As an industrial placement student in medicinal chemistry my task was to synthesise chemical compounds with the aim that they would show biological efficacy and could be developed for use as medicines. This involved collating the starting materials, reviewing the literature preparations, carrying out the reactions and then purifying the product. Once the compound was made, I would send it to the biology team who would test its medical efficacy. After the results from the biological tests came back we would, at our weekly medicinal chemistry team meetings, review the data and discuss changes which we would need to make to the compound to increase its effectiveness as a potential medicine.
“The biggest highlight of working in R&D is knowing that you are working at the cutting edge of this area of science, and knowing that you are working on compounds which could become some of the key medicines in the future,”
The biggest highlight of working in R&D is knowing that you are working at the cutting edge of this area of science, and knowing that you are working on compounds which could become some of the key medicines in the future, and contribute to better health outcomes. You become so used to working with very accurate, state of the art equipment on a daily basis that you almost take it for granted. Although not directly related to my daily work, another highlight of my placement was an opportunity to drive the McLaren F1 simulator. Being a huge motorsport fan, I really enjoyed sitting in the front half of an F1 car pretending I was driving around Monza!
In comparison to many other placement roles, I was given a lot of responsibility. I was invited and expected to contribute to medicinal chemistry meetings, as well as the larger science meetings. Students were also given the opportunity to deliver a talk at the monthly medicinal chemistry seminar. Not only were we asked to contribute to meetings but we had to take charge of our own work. If you had any problems along the way, the supervisors were always happy to help, but you took a real sense of ownership of your work, and the project as a whole. I was treated like a full-time member of staff rather than as a student.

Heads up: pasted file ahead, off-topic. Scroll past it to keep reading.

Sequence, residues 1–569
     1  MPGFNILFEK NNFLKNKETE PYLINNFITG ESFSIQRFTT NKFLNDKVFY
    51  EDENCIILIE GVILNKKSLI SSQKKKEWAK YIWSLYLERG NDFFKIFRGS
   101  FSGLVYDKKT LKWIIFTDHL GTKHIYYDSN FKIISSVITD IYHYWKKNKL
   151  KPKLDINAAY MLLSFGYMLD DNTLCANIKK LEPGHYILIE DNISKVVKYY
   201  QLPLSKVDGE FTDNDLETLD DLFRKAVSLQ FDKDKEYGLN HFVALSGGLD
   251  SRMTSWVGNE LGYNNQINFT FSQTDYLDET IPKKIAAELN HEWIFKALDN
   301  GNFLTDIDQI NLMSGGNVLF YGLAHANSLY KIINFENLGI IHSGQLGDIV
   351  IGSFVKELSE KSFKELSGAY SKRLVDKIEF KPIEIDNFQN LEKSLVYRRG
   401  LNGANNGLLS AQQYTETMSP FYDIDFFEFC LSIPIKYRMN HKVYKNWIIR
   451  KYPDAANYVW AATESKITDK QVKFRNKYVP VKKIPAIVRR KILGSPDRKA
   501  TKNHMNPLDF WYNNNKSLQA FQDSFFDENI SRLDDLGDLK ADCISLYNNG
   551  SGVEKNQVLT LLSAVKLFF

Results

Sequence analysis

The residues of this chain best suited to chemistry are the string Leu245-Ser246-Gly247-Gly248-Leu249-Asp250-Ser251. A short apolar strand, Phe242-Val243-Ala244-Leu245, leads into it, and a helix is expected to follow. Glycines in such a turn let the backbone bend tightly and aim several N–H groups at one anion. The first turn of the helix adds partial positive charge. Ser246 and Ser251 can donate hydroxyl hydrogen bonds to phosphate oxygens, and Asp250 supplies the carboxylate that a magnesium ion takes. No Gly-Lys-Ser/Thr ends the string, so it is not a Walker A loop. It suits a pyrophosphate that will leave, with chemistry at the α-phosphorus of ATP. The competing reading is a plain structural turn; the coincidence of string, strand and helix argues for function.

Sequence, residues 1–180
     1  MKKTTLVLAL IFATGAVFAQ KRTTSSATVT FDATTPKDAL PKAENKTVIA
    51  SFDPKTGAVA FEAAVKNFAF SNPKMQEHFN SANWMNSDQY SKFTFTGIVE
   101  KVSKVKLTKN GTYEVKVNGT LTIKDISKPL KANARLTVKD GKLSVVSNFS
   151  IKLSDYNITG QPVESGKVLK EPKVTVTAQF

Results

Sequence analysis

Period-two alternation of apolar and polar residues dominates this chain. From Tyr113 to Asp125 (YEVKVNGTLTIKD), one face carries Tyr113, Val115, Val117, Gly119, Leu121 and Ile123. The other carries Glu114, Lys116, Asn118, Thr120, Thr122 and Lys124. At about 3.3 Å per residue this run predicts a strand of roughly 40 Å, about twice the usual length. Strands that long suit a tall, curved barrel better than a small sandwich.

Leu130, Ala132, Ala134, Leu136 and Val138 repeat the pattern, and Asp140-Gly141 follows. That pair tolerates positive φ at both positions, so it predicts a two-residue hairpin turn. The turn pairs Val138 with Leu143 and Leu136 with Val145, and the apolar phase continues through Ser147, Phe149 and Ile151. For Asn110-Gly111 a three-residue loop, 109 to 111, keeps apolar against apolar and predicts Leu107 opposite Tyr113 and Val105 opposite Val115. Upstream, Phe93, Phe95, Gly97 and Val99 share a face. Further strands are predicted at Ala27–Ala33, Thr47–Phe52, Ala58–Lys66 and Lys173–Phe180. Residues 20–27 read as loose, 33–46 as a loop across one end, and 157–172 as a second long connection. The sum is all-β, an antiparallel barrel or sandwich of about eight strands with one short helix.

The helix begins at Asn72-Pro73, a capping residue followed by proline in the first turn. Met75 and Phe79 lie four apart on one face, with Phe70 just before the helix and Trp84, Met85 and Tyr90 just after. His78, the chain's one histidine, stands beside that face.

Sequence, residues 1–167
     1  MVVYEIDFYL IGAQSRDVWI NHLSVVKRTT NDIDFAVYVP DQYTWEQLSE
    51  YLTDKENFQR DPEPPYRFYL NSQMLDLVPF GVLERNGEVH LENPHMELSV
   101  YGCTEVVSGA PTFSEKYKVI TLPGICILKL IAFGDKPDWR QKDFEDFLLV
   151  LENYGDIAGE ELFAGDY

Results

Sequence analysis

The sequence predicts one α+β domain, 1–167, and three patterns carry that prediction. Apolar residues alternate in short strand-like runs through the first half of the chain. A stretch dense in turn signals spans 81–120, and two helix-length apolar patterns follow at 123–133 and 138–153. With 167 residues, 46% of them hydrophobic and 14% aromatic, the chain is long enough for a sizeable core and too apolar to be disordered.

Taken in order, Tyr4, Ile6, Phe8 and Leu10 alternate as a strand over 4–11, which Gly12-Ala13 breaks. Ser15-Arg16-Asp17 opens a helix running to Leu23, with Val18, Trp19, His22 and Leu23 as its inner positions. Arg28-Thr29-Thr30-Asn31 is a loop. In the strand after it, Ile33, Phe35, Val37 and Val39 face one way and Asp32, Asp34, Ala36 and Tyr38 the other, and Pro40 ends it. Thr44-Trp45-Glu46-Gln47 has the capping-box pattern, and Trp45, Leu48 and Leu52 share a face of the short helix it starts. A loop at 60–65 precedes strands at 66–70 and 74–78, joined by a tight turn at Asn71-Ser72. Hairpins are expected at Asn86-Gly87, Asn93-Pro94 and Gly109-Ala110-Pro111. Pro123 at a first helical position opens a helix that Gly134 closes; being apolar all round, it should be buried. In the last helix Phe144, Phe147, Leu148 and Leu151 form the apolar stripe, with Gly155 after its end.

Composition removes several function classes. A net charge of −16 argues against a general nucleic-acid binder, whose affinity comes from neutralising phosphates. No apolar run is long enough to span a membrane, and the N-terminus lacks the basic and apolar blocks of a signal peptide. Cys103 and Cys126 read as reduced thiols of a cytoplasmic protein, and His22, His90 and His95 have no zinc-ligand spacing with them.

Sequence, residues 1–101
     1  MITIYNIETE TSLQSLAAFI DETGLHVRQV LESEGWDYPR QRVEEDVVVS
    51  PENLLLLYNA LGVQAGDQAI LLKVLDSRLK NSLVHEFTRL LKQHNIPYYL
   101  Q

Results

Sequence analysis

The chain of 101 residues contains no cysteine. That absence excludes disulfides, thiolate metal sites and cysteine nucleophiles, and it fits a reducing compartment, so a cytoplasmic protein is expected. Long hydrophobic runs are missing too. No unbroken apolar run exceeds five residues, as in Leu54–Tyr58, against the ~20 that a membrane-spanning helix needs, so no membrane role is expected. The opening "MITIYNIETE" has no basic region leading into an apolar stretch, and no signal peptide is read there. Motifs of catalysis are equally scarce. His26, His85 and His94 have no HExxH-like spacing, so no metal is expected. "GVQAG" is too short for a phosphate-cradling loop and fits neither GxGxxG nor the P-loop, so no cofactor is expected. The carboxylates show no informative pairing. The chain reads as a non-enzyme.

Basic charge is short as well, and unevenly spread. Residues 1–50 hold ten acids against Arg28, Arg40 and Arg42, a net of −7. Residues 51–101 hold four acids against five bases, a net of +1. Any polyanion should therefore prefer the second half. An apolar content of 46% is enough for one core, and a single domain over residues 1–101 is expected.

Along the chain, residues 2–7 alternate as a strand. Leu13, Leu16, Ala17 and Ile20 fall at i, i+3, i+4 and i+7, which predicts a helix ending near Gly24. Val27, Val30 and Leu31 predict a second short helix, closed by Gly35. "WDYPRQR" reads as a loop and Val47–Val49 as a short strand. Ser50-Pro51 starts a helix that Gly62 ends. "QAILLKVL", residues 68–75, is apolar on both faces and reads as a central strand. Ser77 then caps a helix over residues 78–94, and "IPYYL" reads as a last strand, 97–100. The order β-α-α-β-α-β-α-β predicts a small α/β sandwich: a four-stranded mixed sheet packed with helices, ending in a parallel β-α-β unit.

My placement has given me a major insight into the world of chemistry R&D. I was working with scientists who had bachelor degrees, PhDs and postdoctoral experience from many different universities, and who had all worked at a variety of scientific companies. By speaking and interacting with them you acquire a broad range of scientific contacts and gain a great understanding of the opportunities in the field of science. GSK offer great ways of building your academic record whilst learning "on the job". All my colleagues at GSK were more than happy to give guidance and advice on career opportunities and prospects in science. I am sure my work placement at GSK has been invaluable because it shows employers that in addition to an academic record, I have real experience of working in research in the commercial world in a world leading company.
My typical day at GSK begins at 8.30 a.m. I check my emails and my calendar for any lectures or meetings that I might have that day. I then check the progress of ongoing experiments, or maybe set up another reaction. After that I might have a lecture on medicinal chemistry, or take part in our chemistry team meeting and discuss ongoing experiments, potential targets and results. More practical chemistry would be done after the meeting, which would take me up to my lunch hour. After lunch, ongoing reactions would be monitored once again. I would then write up my electronic lab notebook, describing in detail my experiments, the results and outcomes. We have an afternoon tea-break at 3.00 pm, and I continue working in the lab until around 5 pm, and then I head home – apart from Wednesdays when I play football with colleagues at the GSK sports facilities.
“By speaking and interacting with them you acquire a broad range of scientific contacts and gain a great understanding of the opportunities in the field of science”
My biggest advice is: get your application in early and prepare for your interview. When I was applying, I had just started 3rd year at university. My workload at the time was fairly horrendous and trying to balance your university work with a placement application is fairly taxing. So get your application sorted as early as possible and answer the online questions to the best of your ability. Also preparing for your interview is really important. Make sure that you look over your lecture notes from previous years as well as preparing for a competency based interview. The application and interviews come at a fairly busy time, so do as much as you can of the ground-work before you start university again. In short: preparation is key!